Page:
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Jumping back into part three of the trifecta, addressing
the impact of social media on the policies and practices of companies, the NLRB
released a report detailing 14 cases from the past year - many of which I
covered in Employment and the Law. I read this report awhile back,
but never got around to writing about it. So, I thought I would include it
In four cases involving employees' use of Facebook, the
Division found that the employees were engaged in "protected concerted
activity" because they were discussing terms and conditions of employment with
fellow employees. In five other cases involving Facebook or Twitter posts, the
Division found that the activity was not protected.
In one case, it was determined that a union engaged in
unlawful coercive conduct when it videotaped interviews with employees at a
nonunion jobsite about their immigration status and posted an edited version on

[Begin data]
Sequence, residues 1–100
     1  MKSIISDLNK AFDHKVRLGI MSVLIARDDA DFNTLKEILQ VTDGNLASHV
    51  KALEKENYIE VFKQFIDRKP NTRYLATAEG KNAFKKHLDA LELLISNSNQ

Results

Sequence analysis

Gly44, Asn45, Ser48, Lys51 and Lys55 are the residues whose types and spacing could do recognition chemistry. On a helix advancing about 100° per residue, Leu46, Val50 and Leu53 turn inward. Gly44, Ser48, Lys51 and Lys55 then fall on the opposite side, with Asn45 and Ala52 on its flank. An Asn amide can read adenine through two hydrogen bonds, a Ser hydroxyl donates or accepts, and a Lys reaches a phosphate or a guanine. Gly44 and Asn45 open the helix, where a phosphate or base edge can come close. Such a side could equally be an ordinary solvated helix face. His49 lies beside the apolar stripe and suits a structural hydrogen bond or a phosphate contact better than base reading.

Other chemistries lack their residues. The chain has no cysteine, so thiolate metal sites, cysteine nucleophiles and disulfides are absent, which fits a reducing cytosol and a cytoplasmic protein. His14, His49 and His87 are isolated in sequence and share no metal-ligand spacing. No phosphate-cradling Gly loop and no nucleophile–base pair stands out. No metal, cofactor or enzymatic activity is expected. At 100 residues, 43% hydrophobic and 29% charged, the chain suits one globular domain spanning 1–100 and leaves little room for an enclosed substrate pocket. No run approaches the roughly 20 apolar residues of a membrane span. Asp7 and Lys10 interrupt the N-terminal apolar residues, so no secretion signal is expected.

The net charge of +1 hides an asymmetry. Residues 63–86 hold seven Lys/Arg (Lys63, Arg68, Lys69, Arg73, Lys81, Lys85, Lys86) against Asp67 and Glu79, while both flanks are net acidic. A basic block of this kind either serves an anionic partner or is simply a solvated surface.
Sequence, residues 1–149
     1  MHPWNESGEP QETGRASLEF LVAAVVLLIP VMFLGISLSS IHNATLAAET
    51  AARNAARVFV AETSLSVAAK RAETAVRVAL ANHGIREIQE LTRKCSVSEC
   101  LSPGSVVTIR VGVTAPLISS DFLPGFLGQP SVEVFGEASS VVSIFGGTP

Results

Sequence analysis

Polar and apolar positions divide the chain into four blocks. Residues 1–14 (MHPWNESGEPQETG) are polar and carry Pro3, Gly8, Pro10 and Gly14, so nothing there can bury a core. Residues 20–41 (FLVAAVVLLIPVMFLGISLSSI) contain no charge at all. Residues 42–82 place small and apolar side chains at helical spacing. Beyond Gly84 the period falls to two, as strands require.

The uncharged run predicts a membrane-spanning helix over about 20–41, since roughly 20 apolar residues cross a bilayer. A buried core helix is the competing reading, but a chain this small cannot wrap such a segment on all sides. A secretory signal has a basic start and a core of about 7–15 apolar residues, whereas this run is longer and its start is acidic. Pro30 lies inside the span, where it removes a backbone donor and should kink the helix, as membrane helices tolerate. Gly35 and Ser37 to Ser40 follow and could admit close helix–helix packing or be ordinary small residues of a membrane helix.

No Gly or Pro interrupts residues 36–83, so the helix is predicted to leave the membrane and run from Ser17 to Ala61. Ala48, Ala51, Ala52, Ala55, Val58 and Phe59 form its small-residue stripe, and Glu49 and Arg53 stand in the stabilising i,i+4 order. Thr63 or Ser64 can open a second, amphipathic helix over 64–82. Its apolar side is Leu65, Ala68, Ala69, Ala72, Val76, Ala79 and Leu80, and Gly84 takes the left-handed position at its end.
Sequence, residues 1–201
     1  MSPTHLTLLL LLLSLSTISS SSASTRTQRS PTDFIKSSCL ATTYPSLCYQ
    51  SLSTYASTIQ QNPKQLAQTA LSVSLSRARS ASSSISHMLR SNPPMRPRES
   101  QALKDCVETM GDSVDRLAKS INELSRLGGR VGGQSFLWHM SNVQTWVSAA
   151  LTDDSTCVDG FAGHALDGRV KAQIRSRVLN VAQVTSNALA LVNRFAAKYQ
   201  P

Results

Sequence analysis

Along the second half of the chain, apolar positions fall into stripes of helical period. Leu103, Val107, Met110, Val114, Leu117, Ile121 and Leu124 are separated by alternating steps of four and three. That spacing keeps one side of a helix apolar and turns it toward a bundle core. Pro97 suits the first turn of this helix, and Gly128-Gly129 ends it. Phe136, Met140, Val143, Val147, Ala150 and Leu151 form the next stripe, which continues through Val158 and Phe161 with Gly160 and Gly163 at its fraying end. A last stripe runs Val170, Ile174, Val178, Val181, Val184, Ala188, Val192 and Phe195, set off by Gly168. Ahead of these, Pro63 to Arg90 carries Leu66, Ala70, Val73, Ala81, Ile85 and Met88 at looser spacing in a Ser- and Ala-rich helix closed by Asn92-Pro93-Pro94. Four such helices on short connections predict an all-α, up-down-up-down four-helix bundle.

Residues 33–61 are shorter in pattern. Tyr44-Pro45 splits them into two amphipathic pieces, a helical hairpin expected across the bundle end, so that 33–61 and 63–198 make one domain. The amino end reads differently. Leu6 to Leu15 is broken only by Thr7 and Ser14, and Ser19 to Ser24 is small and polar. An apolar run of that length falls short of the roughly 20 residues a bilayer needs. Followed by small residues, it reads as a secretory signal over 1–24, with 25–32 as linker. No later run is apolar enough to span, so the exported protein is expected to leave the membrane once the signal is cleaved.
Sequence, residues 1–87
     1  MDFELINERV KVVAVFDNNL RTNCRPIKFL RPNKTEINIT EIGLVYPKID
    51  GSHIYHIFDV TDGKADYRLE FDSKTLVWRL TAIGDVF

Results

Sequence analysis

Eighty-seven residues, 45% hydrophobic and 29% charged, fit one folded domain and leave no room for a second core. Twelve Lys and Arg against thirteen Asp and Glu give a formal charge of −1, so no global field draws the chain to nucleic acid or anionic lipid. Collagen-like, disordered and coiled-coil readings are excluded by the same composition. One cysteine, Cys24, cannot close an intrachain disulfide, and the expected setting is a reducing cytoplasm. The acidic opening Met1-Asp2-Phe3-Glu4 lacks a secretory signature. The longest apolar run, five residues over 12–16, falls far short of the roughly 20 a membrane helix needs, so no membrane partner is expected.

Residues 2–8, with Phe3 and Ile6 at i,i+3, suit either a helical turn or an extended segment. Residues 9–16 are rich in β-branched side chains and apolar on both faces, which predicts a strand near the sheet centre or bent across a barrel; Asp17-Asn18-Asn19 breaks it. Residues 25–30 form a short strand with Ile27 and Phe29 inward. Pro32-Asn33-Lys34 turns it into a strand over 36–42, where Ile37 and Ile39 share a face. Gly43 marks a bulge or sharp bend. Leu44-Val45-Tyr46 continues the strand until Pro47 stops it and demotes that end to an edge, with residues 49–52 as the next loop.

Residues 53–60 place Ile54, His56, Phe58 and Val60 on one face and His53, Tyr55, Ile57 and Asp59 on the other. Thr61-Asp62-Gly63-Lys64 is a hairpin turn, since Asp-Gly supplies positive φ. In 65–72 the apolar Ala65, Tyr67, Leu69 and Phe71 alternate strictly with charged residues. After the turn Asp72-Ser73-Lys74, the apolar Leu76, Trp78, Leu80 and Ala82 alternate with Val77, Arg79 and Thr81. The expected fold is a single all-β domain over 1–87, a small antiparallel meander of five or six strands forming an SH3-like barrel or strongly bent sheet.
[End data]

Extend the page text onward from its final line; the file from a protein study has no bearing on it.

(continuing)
YouTube and the Local Union's Facebook page.
In five cases, some provisions of employers' social media
policies were found to be unlawfully overly-broad. A final case involved an
employer's lawful policy restricting its employees' contact with the media.
This report is intended to encourage compliance with the
NLRA and assist companies with understanding what is and what is not
permissible under the Act. Each of the highlighted cases is summarized in
approximately two pages, and I think it is a must-read for anyone in human
One recurring theme is that many of these cases turn on
whether the employees' actions were concerted activity.
[T]he Board's test for concerted activity is whether
activity is "engaged in with or on the authority of other employees, and not
solely by and on behalf of the employee himself." Concerted activity also
includes "circumstances where individual employees seek to initiate or to induce
or to prepare for group action" and where individual employees bring "truly
group complaints" to management's attention.
Read more articles on employment law issues
at Employment and the
Law, a blog by Ashley Kasarjian
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